Keren Ann | Theater Critic's Choice | Chicago Reader

Keren Ann 

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Most contemporary French pop makes frothiness a virtue--the songs might tackle sad themes, but they rarely sound sad. Keren Ann's songwriting is different: there's a delicious melancholy to her music that's clear even on her first two albums, where she sang in French. Not every song on her first disc in English, last year's Not Going Anywhere, was sad, but the acoustic production and her whispery but flexible voice gave it a coherent feel. Not Going Anywhere had a dialed-down tone, so her subtle melodies sneaked past me at first. But after three or four listens to her new album, Nolita (Metro Blue/Blue Note), recorded last year in Paris and New York, the tunes insinuated themselves deep in my memory and drove me back to her previous albums, which struck me as equally brilliant. "Chelsea Burns," with quietly strummed guitar and slashing violins that recall the gentlest tunes Lou Reed wrote for the Velvet Underground, in time reveals a smoldering intensity. And "Roses and Hips," like many of her songs, sounds like a lost gem from the flower power 60s. For this, her Chicago debut, she performs solo. Sun 3/20, 8:30 PM, HotHouse, 31 E. Balbo, 312-362-9707, $12.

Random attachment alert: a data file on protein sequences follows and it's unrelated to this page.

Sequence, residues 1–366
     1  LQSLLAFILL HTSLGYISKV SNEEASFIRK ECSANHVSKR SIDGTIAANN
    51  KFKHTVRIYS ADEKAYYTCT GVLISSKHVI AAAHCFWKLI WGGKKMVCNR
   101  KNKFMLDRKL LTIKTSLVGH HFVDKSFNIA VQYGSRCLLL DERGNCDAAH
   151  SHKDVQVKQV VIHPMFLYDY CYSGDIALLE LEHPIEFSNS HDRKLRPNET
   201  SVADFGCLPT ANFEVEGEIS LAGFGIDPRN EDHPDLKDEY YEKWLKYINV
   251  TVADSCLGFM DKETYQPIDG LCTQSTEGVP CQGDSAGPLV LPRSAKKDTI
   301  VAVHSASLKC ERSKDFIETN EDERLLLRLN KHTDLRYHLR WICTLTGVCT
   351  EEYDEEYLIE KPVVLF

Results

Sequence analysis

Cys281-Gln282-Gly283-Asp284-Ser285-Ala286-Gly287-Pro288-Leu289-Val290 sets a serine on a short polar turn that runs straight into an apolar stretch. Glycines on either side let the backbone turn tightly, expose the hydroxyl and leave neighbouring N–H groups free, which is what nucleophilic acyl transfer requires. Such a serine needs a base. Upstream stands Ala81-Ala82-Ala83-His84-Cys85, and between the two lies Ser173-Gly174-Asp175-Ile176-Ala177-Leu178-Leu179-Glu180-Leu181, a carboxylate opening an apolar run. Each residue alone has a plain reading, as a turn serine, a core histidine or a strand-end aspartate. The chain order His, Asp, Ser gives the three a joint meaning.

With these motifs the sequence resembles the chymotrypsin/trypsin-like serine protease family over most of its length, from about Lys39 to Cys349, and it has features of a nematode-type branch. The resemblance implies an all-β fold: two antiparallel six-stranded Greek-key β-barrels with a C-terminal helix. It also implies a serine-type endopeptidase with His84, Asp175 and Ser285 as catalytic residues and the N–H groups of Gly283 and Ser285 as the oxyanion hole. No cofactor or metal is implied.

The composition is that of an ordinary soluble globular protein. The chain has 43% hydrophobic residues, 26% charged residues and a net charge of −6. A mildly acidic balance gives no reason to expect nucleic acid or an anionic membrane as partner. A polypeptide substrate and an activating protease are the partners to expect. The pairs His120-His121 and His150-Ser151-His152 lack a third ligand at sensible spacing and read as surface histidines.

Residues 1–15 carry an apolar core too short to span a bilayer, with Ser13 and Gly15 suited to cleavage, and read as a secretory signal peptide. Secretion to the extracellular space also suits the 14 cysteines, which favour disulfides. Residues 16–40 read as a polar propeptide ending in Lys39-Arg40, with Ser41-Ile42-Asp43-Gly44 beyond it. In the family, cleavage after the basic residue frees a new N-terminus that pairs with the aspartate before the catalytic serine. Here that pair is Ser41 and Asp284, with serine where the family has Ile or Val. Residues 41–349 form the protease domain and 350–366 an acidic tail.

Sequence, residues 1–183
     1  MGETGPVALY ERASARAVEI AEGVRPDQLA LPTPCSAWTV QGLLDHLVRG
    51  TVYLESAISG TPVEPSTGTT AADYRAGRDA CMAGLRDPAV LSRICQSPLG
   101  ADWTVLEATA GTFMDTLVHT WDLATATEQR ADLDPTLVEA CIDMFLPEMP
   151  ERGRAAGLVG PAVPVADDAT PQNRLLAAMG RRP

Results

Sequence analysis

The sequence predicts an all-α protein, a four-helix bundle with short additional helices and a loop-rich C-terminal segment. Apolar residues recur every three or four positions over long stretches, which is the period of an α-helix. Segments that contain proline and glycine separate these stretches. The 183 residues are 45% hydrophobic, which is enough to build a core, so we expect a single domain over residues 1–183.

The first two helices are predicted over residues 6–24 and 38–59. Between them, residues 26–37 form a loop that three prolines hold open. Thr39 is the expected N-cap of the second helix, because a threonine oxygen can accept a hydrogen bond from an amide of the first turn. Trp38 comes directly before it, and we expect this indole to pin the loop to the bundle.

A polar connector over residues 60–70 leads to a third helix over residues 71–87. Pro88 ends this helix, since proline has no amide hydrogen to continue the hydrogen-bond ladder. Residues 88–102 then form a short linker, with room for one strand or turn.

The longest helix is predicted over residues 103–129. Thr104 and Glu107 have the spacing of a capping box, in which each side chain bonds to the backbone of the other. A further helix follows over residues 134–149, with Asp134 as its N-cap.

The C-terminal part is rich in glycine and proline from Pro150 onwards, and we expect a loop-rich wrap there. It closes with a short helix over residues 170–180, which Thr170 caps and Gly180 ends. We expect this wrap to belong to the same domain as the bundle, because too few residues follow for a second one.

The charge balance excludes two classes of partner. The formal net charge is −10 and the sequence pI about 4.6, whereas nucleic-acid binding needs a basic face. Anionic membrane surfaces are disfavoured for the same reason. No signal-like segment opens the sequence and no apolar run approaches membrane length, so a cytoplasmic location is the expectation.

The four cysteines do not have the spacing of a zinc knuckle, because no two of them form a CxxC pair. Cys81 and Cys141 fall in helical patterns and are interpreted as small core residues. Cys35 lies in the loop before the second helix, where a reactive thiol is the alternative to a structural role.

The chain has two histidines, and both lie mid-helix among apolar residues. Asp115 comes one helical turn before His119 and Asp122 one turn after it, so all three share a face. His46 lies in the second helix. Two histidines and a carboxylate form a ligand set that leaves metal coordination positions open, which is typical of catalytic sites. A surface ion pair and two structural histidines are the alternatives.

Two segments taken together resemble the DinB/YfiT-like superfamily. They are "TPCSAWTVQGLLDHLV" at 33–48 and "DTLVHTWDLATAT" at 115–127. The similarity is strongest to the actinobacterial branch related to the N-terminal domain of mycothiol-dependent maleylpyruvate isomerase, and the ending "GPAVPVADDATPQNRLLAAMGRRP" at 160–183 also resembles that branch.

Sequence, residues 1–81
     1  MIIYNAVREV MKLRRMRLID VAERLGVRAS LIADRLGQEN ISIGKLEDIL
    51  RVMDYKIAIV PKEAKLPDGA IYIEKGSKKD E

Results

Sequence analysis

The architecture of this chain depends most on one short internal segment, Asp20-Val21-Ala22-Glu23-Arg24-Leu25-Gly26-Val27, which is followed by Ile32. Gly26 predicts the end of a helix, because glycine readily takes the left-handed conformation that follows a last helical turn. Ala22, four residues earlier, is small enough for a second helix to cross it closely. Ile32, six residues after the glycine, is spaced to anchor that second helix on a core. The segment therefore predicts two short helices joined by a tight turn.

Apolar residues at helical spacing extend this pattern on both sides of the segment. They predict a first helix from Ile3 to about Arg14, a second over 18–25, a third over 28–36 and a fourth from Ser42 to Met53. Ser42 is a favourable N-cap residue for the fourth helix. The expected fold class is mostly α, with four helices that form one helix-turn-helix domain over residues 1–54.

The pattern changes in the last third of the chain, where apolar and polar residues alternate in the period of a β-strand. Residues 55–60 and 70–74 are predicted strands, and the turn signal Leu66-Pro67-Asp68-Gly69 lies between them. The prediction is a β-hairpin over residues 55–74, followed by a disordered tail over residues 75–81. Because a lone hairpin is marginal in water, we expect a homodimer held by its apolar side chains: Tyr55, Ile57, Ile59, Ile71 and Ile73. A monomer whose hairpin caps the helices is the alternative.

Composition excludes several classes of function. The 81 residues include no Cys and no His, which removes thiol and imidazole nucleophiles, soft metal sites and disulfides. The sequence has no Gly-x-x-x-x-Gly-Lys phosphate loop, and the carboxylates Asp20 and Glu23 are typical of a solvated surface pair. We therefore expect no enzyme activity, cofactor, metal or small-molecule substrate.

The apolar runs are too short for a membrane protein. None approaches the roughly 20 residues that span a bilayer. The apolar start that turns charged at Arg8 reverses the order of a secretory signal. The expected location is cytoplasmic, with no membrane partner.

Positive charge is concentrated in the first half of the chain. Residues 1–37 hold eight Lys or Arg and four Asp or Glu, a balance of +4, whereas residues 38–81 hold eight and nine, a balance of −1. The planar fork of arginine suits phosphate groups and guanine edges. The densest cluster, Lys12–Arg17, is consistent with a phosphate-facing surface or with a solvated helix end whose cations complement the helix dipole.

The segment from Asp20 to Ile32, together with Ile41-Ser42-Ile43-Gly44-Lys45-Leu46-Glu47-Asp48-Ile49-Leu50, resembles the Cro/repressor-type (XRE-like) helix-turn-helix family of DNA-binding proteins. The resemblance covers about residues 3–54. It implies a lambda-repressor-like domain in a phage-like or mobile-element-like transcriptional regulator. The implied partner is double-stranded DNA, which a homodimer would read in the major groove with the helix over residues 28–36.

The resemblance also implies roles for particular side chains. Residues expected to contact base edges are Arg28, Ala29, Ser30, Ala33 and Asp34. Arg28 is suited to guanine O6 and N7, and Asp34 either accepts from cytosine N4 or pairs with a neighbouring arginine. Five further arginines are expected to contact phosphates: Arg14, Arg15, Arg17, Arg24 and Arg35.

Art accompanying story in printed newspaper (not available in this archive): photo/Jan Welters.

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